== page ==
Again, as a wrote above that kind of PHEV SUV is most probably intended for the European market. Thus rather small cities with very strict speed limitations. Bicycles do very well in those cities actually. Thus no need of high performances to drive at 20 mph (or 2 mph… in traffic jams most of the time). No need of long EV range as well. Amsterdam, London, scandinavian cities, Paris shortly (as a strict rules regarding emissions will be enforced there shortly). Obviously a Tesla X was made with longer distances in mind.

Man, that’s one MISLEADING headline!

“The World’s Most Powerful & Cleanest SUV…” — really?

Only if you exclude the 2015 RAV4EV, which is cleaner (with ZERO tailpipe emissions), has comparable acceleration (Zero to sixty in 6.8 seconds), and features an electric range (EPA estimate) of 102 miles — second only to the Tesla sedan.

FULL DISCLOSURE: I’m a Tesla Stockholder & RAV4EV Owner

There was discussion on Swede Speed forums about this a while back. You have to consider the & (and). lol.

There are certainly other SUVs that are more powerful and others that are cleaner…but this is the “most powerful and cleanest SUV”…at least until the Model X comes out. I have a reservation for and X but could end up with a S or something entirely different.

Mitsu Outlander PHEV will outsell this thing 2 to 1… if it ever comes to the US.

The PHEV Outlander is a 5-seater, and the T8 PHEV is a 7-seater. Not really competitive with the T8 XC90.

i’d take an outlander or rav4 over this and i dont even like suvs lol

Well, 17 miles of all-electric range is better than driving a pure gas guzzler.

But I’d like to have a car which can actually satisfy my daily needs running on electricity, and 17 miles would only get me about halfway across town, one way.

Now, this issue about European drivers driving significantly fewer miles per year than Americans: Perhaps that’s only because fuel costs so much more in Europe. Perhaps if driving were less costly per mile, we might see something like…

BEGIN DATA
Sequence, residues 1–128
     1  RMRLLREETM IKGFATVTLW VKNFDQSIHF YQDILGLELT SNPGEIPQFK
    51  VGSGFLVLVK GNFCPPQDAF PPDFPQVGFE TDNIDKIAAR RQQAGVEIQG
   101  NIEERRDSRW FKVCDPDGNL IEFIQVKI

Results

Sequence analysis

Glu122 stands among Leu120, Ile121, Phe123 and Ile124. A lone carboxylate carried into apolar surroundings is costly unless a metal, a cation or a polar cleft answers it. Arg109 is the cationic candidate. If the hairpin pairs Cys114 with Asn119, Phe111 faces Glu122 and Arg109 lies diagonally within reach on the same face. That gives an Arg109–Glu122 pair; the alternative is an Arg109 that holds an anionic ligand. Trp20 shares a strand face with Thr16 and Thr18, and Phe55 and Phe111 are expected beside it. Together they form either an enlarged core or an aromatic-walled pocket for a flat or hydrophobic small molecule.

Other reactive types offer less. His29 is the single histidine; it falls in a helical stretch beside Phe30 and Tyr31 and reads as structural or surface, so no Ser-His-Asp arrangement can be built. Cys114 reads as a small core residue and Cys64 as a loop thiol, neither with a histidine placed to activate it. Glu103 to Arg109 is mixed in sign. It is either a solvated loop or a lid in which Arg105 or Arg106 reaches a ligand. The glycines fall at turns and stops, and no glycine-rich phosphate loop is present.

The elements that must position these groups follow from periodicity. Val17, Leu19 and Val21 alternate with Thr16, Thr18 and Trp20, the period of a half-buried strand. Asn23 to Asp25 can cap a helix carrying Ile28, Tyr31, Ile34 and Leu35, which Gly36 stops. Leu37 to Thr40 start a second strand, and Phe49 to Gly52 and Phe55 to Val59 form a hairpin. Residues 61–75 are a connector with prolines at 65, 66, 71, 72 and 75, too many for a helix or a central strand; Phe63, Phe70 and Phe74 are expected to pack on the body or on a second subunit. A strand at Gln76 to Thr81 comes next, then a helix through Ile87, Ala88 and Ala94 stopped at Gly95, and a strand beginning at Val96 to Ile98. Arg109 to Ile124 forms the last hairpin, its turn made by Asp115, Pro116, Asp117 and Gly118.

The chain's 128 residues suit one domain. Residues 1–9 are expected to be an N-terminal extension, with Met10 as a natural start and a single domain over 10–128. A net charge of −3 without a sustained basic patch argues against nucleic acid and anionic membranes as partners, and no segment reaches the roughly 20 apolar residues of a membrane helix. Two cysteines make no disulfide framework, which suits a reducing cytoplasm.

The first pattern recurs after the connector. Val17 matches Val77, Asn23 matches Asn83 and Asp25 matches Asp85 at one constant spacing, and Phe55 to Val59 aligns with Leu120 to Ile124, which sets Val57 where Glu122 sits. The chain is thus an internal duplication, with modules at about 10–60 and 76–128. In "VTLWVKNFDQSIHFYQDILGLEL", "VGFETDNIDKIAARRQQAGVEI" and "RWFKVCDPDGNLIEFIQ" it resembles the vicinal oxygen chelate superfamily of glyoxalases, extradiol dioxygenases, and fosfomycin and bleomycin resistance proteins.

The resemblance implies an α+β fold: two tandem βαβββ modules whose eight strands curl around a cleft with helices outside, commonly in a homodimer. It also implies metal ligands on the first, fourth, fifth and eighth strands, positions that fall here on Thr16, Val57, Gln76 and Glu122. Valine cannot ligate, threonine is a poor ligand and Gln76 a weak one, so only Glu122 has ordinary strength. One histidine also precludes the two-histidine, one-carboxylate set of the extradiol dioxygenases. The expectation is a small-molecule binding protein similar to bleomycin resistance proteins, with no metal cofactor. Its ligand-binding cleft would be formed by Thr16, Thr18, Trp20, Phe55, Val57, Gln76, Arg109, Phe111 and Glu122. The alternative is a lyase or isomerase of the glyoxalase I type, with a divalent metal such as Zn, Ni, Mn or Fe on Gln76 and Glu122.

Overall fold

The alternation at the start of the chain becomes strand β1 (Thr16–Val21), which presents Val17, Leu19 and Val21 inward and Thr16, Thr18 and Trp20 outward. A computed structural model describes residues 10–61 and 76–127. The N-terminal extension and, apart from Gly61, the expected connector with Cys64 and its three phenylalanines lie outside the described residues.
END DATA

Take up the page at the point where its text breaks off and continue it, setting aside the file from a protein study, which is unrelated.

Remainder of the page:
“Electric cars are motoring ahead with new research from Nissan claiming that its all-electric Leaf does almost twice the annual mileage of a conventionally powered car.

“British drivers of Nissan’s lithium-ion battery-powered vehicles average 10,468 miles a year – almost double the 5,215 miles covered by petrol or diesel power cars.”

source: http://www.telegraph.co.uk/finance/newsbysector/transport/11333253/Putting-their-foot-down-Electric-drivers-do-double-the-mileage-of-conventional-cars.html

Really good link, my opinion is that the Nissan leaf was designed for the EU and took off in the US by “accident”. If you told me 5 years ago that 3-5% of Nissan’s total sales in the US would be an electric hatch back I would have laughed at you. Only because most American drivers appear to prefer saloons or SUV’s and I would have assumed that the extra driving distances would have made a BEV impractical.

IMO for the majority of drivers in the UK replacing their ICE car with a Leaf would have no affect on their life what so ever.

Anyone who thinks the T8 Volvo XC90 will be anything but wildly successful, needs to look at the numbers that have come out. The pre-order number for all XC90 models, including the gasoline version, topped at 36,000 just before it arrived in dealerships, beating the old XC90 pre-order number of 15,000 in 2002–and the old XC90 was a great success for Volvo. Volvo expected about 3-5% of new XC90 sales would be the T8 PHEV. Turns out, it’s gonna be closer to 20% of XC90 sales. If you can’t see the tidal wave building for the new XC90, both T8 and T6, you’re not looking very close.